Monthly Archives: October 2015

Toronto City of Labyrinths Project will be at YIMBY 2015 leading a Jane’s Walk

Toronto City of #Labyrinths Project will be at @YIMBYtoronto leading a @JanesWalkTO Walkshop https://t.co/HI2qlqRM7J pic.twitter.com/68Tr98HgbO — HiMY SYeD (@LabyrinthsDOTca) October 30, 2015 Yes In My Back Yard Toronto is an annual showcase event of community engagement and civic involvement. I’ve been attending YIMBY since the first one almost a decade ago back when it was […]

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Pigeons – Wading Pool Labyrinth – Bellevue Square Park – Kensington Market – Toronto

#bellevuesquarepark #kensingtonmarket #toronto #thesegreydays A post shared by Keer yah (@keeryah) on Oct 21, 2015 at 6:59pm PDT

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“Can Street Art Calm Traffic & Create Safer Intersections?” – Labyrinth – Augusta Avenue – Kensington Market – Downtown Toronto

Of course, my answer is Yes . . . Can #streetart calm #traffic & create safer intersections? #labyrinth pic.twitter.com/CRYFY5ZknE — Emily Macrae (@emilyamacrae) October 21, 2015

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Children in Toronto’s East End can now enjoy city’s Newest Labyrinth inside Fairmount Park!

My most recent Labyrinth is now completed and ready for play, exploration, meditation, and fun! This time, it’s a new multi-colour Labyrinth painted on the surface of the wading pool in Fairmount Park in Toronto’s East End. This location fills a gap in my Project‘s aspiration to placemake one Labyrinth in each of Toronto’s 221+ […]

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“Art Installation at Toronto City Hall. Labyrinth of the faces of Torontonians. Go Jays!” – Lyla Miklos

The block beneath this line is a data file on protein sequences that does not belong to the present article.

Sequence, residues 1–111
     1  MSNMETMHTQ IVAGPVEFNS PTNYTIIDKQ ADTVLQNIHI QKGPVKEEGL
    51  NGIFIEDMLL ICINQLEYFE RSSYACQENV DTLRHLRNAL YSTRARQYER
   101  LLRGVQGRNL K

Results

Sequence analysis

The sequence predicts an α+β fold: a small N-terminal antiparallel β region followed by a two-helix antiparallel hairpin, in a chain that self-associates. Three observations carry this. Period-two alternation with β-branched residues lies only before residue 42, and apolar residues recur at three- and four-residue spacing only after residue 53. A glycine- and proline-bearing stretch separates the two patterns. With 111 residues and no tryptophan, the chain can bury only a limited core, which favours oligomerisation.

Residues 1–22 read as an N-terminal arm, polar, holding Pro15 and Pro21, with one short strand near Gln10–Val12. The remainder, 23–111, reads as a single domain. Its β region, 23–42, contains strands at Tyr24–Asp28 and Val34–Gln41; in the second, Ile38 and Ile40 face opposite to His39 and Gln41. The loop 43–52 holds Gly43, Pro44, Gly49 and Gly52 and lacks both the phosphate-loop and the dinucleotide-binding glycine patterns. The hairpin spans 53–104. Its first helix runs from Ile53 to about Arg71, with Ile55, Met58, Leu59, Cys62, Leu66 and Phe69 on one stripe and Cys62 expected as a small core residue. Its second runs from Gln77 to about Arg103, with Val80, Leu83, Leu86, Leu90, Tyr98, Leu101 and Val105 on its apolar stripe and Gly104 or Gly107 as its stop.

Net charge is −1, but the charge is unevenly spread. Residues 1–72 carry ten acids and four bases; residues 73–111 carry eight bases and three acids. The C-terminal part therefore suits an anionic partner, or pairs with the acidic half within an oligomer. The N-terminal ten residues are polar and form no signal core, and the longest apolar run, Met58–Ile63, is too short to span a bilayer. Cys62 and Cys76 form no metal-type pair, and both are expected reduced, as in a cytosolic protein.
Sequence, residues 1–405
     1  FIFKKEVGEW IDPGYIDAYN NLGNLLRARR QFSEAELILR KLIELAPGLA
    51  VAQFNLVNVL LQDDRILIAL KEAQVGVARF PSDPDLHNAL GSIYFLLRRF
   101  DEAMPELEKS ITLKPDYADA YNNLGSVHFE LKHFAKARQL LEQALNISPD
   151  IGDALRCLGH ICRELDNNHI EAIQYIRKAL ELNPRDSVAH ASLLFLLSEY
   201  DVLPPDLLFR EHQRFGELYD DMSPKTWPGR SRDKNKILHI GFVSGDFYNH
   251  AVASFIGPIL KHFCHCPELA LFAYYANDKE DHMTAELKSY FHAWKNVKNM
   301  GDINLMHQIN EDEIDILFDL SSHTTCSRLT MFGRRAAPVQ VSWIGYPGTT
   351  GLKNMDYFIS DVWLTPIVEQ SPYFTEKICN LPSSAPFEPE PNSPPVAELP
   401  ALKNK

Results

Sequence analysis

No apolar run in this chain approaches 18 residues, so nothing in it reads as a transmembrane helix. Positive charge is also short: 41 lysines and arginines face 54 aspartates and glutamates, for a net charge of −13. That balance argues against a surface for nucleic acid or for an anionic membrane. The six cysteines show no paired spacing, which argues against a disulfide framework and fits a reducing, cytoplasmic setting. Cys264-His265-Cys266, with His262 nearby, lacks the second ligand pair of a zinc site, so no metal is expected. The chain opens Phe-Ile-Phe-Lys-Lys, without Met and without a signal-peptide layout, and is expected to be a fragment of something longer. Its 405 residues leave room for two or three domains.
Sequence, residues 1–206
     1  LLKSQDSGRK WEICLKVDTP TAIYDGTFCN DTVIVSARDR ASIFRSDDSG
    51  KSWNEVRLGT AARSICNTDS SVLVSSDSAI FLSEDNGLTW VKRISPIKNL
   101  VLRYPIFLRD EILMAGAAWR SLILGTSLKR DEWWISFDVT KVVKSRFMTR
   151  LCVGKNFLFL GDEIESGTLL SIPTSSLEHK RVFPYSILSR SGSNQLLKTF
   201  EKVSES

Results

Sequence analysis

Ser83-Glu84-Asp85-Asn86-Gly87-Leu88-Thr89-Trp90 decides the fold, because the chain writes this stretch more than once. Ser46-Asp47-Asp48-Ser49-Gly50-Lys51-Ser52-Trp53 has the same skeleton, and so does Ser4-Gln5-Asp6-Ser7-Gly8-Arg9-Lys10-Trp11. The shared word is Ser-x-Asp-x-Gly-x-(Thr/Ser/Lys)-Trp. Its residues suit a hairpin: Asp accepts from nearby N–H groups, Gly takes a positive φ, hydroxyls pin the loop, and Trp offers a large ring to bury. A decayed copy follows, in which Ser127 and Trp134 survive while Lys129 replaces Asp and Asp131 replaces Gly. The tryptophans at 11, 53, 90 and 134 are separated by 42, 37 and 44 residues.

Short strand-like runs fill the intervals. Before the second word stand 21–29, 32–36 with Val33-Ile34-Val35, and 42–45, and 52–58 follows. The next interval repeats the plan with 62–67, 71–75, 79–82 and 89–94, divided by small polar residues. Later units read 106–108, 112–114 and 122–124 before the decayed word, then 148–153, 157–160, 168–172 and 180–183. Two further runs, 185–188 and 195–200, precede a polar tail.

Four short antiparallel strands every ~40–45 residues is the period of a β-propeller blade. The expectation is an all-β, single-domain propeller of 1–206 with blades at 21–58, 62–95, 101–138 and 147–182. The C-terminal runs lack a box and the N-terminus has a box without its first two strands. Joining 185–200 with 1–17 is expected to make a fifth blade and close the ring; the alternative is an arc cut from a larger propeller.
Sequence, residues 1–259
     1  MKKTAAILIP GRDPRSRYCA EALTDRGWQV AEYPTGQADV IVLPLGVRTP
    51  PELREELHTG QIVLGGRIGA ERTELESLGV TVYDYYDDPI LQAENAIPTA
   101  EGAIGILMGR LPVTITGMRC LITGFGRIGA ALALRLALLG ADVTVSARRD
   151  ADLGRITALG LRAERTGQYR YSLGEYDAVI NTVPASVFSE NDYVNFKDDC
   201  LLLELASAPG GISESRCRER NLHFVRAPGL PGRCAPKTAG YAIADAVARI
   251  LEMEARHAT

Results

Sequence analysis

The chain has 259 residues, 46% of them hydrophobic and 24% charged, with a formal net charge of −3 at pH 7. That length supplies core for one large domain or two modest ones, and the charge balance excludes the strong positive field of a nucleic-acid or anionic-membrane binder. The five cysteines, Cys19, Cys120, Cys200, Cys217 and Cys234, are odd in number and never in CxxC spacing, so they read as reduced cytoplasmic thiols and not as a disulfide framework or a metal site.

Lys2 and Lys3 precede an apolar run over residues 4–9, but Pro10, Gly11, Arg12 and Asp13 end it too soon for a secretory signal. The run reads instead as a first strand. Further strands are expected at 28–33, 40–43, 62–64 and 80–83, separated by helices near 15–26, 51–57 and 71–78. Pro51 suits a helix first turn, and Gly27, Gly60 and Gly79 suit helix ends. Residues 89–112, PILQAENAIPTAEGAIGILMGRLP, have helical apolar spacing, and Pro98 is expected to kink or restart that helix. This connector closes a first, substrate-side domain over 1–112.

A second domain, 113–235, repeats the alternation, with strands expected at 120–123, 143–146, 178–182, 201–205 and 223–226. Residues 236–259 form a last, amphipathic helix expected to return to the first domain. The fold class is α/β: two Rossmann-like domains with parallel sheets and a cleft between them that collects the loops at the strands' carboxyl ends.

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“Getting lost with the little dude at the Labyrinth near Toronto City Hall. He won’t leave! :-)” – Tim Bishop

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  • Human Calendar


  • Land Acknowledgements

    Traditional: recognizes lands traditionally used and/or occupied by the People or First Nations in parts of the country.

    Ancestral: recognizes land that is handed down from generation to generation.

    Unceded: refers to land that was not turned over to the Crown (government) by a treaty or other agreement.

  • Tsí Tkaròn:to

  • Metro Vancouver

    Labyrinths are made on the traditional, ancestral and unceded territory of the Coast Salish peoples –

    Sḵwx̱wú7mesh (Squamish),

    Stó:lō and

    Səl̓ílwətaʔ/Selilwitulh (Tsleil-Waututh)

    and xʷməθkʷəy̓əm (Musqueam) Nations.

    Labyrinths are made in traditional, ancestral and unceded territory of

    the Kwantlen,

    the Katzie,

    the Semiahmoo

    and Tsawwassen First Nations.